Articles: High Fiction Corn Syrup

Perhaps I’m more aware of corn syrup than the average person because of my sensitivity to corn. Corn isn’t just in the name! Before I learned about high fructose* corn syrup I noticed an immediate escalation of acne after I ate prepackaged snacks. It took awhile to connect the dots and trace the source of the problem.

*pronounced “FROOK-toh-ss” (sounds like “fruit toast”)

But more people I know are realizing just how problematic high fructose corn syrup is. With increasingly frequency, friends and family recount their physician’s recommendation of medication, which– to his surprise– became unnecessary after cutting out HFCS. Bolstering a healthy diet with fiber alone is beneficial; cutting out sugary starch helps to lower cholesterol and blood pressure.

A common misconception is that carbohydrates and starches are automatically bad. Not necessarily. To avoid hemorrhoids, diverticulosis and certain types of cancer, many people deliberately omit carbs from their diet. They’re most likely thinking of bread and pasta (which they don’t realize can be made of truly “whole” grains, whose bran and germ remain intact, rather than overly processed bleached flour) when they should be avoiding cereal, canned fruit, candy and soda.

Carbs actually include beans, veggies and some fruit (e.g. bananas). A truly carb-free diet would omit both the fiber and nutrients these provide, whereas a diet rich in minimally refined carbs will provide more than enough fiber and nutrients to allow the body to properly function.

Like grains, such as wheat and rice, corn is type of complex carbohydrate, which takes longer than with a simple carbohydrates like sugar so there’s a more sustained source of energy in your bloodstream. Conversely, sweeteners present the risk of an addiction to the spike in blood sugar they provide; the inevitable crash prompts a desire for more.

Once the general public began to see through the “it’s a veggie mixed with fruit juice” marketing ploy, it was time for proponents to shuffle the facts again like a shell game. High fructose corn syrup (or any of the myriad alternative names, such as tapioca syrup, crystalline fructose and isoglucose, by which it now goes thanks to a recent legal loophole) is unique because of the process used to make it. Similar to xanthan gum, enzymes produced by bacteria and fungus are added. This makes it risky for those with a sensitivity to mold.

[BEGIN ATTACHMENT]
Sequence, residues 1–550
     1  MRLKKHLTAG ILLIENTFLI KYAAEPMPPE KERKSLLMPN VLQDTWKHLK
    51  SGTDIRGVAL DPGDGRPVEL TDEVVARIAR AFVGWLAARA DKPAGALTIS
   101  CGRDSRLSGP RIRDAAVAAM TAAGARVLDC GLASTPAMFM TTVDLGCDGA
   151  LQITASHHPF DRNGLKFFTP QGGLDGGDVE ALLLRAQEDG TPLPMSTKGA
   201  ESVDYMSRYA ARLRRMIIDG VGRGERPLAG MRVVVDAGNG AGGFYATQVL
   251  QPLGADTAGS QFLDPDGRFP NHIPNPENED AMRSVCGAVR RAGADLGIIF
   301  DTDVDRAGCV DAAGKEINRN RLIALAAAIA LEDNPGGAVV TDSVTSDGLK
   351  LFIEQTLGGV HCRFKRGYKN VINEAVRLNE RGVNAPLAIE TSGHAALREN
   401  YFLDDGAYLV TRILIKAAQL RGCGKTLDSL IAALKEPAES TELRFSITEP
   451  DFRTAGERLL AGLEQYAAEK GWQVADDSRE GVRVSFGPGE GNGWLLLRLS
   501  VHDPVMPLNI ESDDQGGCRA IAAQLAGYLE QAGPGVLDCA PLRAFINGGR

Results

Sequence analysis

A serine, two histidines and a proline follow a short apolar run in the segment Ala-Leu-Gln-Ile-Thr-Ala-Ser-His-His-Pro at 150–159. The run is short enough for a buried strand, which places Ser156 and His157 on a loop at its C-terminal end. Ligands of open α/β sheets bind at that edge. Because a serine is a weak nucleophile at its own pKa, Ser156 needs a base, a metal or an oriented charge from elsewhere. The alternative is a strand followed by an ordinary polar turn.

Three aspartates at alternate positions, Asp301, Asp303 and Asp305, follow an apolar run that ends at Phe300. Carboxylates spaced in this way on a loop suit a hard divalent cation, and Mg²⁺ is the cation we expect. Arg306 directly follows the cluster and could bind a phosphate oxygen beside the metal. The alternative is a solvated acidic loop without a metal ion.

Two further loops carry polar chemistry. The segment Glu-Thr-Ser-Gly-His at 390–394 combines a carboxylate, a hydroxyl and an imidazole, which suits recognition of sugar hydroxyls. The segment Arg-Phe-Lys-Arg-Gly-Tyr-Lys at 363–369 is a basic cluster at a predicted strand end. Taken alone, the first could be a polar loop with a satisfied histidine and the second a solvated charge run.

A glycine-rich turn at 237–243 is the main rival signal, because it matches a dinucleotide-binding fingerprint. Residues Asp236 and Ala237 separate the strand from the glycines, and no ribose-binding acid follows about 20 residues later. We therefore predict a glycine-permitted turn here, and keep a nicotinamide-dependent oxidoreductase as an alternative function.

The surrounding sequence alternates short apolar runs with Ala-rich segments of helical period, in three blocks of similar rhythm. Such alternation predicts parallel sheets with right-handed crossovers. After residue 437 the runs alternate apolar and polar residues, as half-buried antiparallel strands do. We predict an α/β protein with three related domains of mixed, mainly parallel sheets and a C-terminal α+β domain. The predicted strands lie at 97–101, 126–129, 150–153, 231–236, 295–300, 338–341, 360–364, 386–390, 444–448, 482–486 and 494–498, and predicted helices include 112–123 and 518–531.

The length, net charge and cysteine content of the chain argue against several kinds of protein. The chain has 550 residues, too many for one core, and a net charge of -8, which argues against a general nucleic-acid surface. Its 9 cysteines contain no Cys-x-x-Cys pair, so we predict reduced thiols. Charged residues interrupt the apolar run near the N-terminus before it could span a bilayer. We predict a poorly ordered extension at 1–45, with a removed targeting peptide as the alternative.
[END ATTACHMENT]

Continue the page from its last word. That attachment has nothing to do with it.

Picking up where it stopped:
Furthermore, regardless of what a manufacturer calls it, HFCS is about 55% fructose, although now most versions are up to 90% fructose, which is extremely taxing on your liver and pancreas. This negatively impacts your body’s ability to metabolize fat, regulate cholesterol and can lead to insulin resistance and Diabetes.

Unfortunately, HFCS is used to flavor almost everything these days, most notably heavily processed starchy carbs, such as prepackaged bread and pasta; hence the confusion over the source of the excess sugar that contributes to weight gain. Don’t let an “all natural” label fool you: high fructose corn syrup is anything but healthy.

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Glucose metabolism in the brain

impact of fructose on the liver & heart

5 reasons HFCS will kill you

impact of sugar, fructose & HFCS on Gout

impact of HFCS on Diabetes

much evidence shows harm of HFCS but proponents fund favorable research

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